Phua was rising through the sports betting business at a moment, the late 1990s, when the industry was about to undergo revolutionary change. Bookmaking had always been a local activity, with bookmakers marketing to clientele from whom they could collect in person. Internet-deployed technology was allowing bookmakers to reach across international boundaries, marketing their services to a global clientele. A fortunate few bookies would emerge from the mass of Asian sportsbooks and build name brands. Transformation would require capital investment into IT. Phua happened upon a scheme that would secure the financial wherewithal to harness this innovation.

In 1997, soccer officials suspended two English Premier League matches -- West Ham vs. Crystal Palace and Arsenal vs. Wimbledon -- after the stadium lights lost power. Each match had entered the second half, so by the rules of Asian bookmaking, bets on these matches had to be paid based on the score as it stood. The games came to be known among international bookmakers as the Floodlights Affair, the first confirmed incidence of Asian-backed match-fixing on English soil.

A stadium security guard and three Asian men -- two Malaysian nationals and a Hong Kong native -- were found guilty of conspiracy charges related to match-fixing. Phua was never linked to the crime or charged during the proceedings; however, multiple sources close to him tell a different story.

"Paul Phua financed it," says a Phua associate. "If you know the outcome of a Premier League match, you can make an absolutely enormous amount of money. This money allowed Paul Phua to go from being one of the top eight or so bookies in Malaysia to being absolutely massive."

With new capital, Phua funded the IT development that placed his sportsbook -- now called IBCBet -- online and at the vanguard of industry technology. It ultimately became the de facto line setter in Asia. Like others in the industry, he recruited an international network of trusted agents and subagents who drummed up business in dozens of countries, say longtime agents and a former executive of IBCBet.

Along the way, Phua partnered with Seng Chen "Richard" Yong, a regular in the Kuala Lumpur gambling scene who the Hong Kong police confirm has been convicted for fixing horse races. Yong had contacts throughout Asia, and as Phua looked to expand IBCBet, Yong helped him move his operation first to Ho Chi Minh City, Vietnam. IBCBet would eventually be registered in the Philippines, among the few Asian jurisdictions where online sportsbooks remain legal. According to trade estimates, IBCBet handles roughly $60 billion of betting per year. With a 1 percent take, the book clears $600 million annually. An IBCBet source in Manila says Phua owns 70 percent of the enterprise.

"He is a hell of a risk taker," says a Macau casino executive who has known Phua since the early 2000s. "He went bankrupt twice in his career. The first time was in Malaysia. The second time was slightly more than 10 years ago in Hong Kong, Macau. There's a rumor that he did the infamous English Premier League lights-switch-off case. That's how he saved his ass the last time. He's a guy who can pull things like that off."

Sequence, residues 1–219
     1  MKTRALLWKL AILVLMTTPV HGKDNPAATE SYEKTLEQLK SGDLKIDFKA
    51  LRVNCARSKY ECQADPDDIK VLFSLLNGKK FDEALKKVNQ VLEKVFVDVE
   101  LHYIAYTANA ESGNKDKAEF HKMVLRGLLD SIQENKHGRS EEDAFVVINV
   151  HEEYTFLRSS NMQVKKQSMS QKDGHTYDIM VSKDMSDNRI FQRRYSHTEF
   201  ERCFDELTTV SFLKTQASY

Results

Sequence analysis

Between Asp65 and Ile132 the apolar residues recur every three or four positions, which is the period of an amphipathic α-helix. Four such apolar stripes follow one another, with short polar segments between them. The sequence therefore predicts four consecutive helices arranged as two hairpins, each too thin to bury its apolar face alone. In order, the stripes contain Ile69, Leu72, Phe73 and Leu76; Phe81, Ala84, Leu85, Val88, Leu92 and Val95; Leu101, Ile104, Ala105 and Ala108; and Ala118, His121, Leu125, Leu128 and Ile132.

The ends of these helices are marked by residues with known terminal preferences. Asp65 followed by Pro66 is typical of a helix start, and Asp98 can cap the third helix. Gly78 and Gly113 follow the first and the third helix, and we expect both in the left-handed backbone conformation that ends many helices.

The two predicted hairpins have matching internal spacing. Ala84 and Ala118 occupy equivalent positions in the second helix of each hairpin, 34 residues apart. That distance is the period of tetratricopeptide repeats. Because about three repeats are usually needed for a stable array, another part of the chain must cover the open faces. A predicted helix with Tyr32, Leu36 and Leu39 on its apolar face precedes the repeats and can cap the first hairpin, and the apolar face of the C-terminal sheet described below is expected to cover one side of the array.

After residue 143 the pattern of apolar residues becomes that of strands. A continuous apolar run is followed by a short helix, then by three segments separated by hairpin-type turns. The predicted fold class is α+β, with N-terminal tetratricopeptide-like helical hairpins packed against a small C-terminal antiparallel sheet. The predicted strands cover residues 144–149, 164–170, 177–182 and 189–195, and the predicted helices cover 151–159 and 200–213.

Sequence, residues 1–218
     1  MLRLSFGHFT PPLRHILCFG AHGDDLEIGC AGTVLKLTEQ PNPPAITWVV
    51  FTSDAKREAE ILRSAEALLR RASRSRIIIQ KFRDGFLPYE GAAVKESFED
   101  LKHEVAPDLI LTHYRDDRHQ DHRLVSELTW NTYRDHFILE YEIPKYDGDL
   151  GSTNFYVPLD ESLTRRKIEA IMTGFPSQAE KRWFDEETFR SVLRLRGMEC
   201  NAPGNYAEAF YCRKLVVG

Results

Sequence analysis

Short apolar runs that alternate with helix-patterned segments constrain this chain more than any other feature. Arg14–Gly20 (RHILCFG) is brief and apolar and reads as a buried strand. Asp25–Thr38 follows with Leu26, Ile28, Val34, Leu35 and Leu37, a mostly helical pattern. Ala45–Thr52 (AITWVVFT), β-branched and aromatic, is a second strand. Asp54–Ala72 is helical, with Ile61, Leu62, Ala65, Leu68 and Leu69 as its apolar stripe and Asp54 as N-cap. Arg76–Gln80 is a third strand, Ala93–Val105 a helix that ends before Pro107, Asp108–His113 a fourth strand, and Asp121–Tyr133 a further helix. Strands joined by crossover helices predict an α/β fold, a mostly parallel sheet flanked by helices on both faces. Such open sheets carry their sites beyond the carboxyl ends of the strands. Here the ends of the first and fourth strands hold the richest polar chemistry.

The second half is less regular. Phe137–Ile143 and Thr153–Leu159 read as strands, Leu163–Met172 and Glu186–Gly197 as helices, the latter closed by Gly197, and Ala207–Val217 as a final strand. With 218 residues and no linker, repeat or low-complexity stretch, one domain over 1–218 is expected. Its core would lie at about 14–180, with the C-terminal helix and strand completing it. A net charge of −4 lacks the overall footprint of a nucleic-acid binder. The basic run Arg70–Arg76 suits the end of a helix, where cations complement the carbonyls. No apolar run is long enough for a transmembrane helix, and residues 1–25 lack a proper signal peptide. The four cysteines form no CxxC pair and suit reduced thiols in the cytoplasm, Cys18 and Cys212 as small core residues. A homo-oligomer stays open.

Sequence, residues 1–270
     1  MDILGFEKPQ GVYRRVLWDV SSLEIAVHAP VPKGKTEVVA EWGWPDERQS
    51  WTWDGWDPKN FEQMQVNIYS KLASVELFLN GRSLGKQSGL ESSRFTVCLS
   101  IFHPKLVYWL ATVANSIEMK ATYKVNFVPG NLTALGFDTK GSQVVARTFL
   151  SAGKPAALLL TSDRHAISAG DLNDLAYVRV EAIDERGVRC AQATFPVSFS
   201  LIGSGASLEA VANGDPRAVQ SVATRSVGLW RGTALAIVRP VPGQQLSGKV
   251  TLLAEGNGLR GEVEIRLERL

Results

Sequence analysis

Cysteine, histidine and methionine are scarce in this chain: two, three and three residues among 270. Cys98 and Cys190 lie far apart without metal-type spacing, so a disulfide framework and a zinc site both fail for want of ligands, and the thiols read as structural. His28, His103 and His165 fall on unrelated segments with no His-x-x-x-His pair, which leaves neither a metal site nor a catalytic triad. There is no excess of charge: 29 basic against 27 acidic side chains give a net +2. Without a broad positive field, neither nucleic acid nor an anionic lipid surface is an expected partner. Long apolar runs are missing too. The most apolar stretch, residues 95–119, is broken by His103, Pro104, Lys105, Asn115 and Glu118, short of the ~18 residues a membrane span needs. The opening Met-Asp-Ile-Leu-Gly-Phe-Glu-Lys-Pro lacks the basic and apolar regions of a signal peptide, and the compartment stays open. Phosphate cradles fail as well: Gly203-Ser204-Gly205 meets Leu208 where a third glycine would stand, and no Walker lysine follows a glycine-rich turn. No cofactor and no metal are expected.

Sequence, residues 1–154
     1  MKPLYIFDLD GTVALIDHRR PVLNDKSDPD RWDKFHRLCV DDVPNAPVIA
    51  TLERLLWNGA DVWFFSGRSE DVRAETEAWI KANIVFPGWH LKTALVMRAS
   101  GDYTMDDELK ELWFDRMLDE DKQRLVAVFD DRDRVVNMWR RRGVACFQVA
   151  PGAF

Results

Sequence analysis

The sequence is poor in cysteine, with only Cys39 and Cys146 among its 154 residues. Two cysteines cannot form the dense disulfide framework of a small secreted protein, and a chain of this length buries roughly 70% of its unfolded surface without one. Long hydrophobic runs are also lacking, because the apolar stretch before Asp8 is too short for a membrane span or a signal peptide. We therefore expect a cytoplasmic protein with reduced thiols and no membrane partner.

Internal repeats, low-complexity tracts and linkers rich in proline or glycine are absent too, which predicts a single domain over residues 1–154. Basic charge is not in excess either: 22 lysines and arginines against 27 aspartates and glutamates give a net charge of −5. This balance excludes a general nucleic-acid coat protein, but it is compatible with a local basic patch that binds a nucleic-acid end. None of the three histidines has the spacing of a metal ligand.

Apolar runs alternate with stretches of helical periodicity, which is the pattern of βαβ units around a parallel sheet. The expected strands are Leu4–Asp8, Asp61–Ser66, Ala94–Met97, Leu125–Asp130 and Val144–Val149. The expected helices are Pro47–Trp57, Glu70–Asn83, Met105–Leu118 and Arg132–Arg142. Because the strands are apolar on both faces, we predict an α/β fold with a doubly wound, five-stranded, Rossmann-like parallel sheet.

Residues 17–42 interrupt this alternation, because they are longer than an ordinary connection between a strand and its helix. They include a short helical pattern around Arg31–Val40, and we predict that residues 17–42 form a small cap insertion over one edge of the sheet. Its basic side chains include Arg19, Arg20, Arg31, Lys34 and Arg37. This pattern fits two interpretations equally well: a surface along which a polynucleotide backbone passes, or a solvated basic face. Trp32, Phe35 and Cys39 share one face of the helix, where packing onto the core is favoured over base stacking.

Although Phua's book expanded globally, he was never far from home. During the Euro 2004 soccer championships, Malaysia's D7 police squad tracked intense illegal betting activity to a condominium at the Miri Golf Club, in Phua's hometown. In the early hours of July 5, officers approached the condo. Portugal and Greece had just kicked off in the Euro final, and police cut the condo's satellite TV cable. When a man exited the condo to check the cable, D7 agents pounced.

Police discovered a wire room with 22 men -- from Vietnam, Hong Kong and Macau -- working banks of computers. They made an additional discovery: Paul Phua.

Authorities shut down the illegal operation, and according to the arresting officer, they fined Phua roughly $8,000 and drove him to the airport, where he boarded a flight to Vietnam. The bust didn't impact Phua. But it was a sign, had Phua been one to acknowledge it, that international law enforcement was taking an interest in the game he was playing.


The ferry cuts across the Pearl River Delta from Hong Kong, launching off the surf of an approaching monsoon, slamming into the downslopes, windowpanes rattling. The lights of Macau glow from the coast. In fire-orange blaze, the word "Sands" is scrawled across the broadside of one of the city's largest casinos. It was through this property that Phua gained the prominence that would make regulators in Nevada take note of this new player.

Vegas slick has transformed Macau, a town of 11 square miles on China's southern coastline, into the prime mover of international gaming. Las Vegas Sands was the first American casino to open here, in 2004. Then came Wynn Resorts, then MGM Resorts International. Sheldon Adelson, the chairman and CEO of Las Vegas Sands, stated that he recouped his initial $260 million Macau investment within eight months of operations.